The Right to an Interpreter

By Kirsten Ballard

In the United States, an estimated 25 million Americans—8 percent of the population—are Limited English Proficient, or LEP, meaning they are not fluent in English.

Studies show that LEP individuals face disproportionately negative health outcomes, including high rates of medical errors. And while there are laws and policies protecting those who face language barriers when seeking health care-from the Civil Rights Act of 1964 to the Affordable Care Act (ACA)—they don’t offer full protections and both providers and patients aren’t necessarily aware of them.

For example, federal law requires hospitals that receive federal funding take “reasonable steps” to provide “meaningful access” to care for LEP individuals at no additional cost to the patient; but “reasonable” and “meaningful” are both subjective. In addition, several provisions of the ACA were recently rolled back, including a requirement to notify patients of their right to language services on important documents.

Gustavo Negrete, secretary of the National Board of Certification for Medical Interpreters, admits the laws are falling short. In fact, a 2016 survey of 4,586 hospitals by the American Hospital Association reported that only 56 percent do offer some sort of linguistic and translation services.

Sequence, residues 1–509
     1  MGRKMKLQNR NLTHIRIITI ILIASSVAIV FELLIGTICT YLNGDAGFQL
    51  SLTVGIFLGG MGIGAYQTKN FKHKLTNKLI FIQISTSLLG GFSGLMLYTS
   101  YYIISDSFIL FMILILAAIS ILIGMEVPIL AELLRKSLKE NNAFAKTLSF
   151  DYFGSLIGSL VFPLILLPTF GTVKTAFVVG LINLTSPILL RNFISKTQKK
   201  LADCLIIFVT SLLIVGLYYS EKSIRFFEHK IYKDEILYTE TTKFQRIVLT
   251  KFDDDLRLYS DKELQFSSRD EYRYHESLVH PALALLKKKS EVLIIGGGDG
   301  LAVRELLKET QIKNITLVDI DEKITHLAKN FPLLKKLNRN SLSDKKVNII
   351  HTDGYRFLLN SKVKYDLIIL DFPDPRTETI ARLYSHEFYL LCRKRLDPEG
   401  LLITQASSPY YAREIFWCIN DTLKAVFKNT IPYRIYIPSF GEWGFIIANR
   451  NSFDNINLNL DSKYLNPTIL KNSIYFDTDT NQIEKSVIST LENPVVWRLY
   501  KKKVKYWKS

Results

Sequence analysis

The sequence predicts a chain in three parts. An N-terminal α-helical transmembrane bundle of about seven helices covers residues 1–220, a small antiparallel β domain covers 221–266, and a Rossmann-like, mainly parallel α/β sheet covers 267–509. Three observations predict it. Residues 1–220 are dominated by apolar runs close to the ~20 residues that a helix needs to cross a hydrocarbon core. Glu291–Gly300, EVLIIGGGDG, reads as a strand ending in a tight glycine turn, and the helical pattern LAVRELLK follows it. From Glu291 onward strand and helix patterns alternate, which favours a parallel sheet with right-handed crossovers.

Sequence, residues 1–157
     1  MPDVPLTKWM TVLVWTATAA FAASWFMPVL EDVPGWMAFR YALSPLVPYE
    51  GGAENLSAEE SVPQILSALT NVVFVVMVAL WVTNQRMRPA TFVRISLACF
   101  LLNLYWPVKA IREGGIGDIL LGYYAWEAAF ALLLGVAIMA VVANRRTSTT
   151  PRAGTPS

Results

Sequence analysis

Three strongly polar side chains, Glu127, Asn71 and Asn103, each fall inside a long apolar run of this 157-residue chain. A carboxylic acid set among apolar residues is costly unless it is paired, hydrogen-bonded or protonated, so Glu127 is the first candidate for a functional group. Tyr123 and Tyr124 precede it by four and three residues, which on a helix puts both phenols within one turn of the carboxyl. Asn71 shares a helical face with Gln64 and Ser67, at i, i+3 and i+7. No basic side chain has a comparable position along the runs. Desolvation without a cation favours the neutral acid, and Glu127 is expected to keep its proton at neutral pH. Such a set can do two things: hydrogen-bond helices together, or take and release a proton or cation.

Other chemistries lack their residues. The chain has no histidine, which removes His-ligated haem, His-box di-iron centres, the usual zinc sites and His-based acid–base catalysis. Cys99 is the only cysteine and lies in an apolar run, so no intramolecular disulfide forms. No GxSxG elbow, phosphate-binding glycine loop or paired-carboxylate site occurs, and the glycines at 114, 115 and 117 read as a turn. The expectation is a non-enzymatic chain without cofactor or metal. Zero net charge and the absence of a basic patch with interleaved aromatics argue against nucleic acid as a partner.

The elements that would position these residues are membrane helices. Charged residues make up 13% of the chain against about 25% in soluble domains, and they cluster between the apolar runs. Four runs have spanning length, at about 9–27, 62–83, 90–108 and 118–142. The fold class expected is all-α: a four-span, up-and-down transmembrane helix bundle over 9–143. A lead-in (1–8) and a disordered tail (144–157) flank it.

“It’s not that they’ll necessarily get bad treatment, it just leads to a bad outcome in the end,” said Negrete. In many cases, providers may try to interpret themselves, find a bilingual colleague to help, or ask a family member to assist. But none of these solutions are ideal. Each leaves room for unintended errors or editorializing. For example, a family member trying to serve as an interpreter, wanting to protect a loved one, may downplay a doctor’s concerns.

“The optimal thing would be for the interpreter to be present, whether it’s an in-person interpreter, a video-remote interpreter, or even a telephonic interpreter,” said Negrete. Certified interpreters have completed at least 40 hours of training that include learning medical jargon and a code of ethics. The governing tenants require accuracy, impartiality, and advocacy.

“As interpreters, it’s our job to make sure that information is actually understood. Even if we interpret the medical jargon and it goes over the LEP’s head, or it’s not understood, then we have tools at our disposal to say ‘okay, that wasn’t understood,’” he said.

The ACA has provisions for assessed bilingual staff members to provide minimal interpreting services. These trained staffers can handle basic things like telling a patient they’re being admitted to the hospital, but Negrete urges using certified interpreters for more complex translations like surgical consent forms. He also does not recommend using artificial intelligence to translate.

“Simple phrases are completely misconstrued or completely butchered where they’re not understandable at all,” he said. “It’s not a critique, it’s just that language is so fluid that even the algorithms that they use in the development of these apps isn’t enough.” 

For more information about LEP patients’ rights and other helpful resources, visit or In addition, if you feel your rights were violated, you can file a complaint at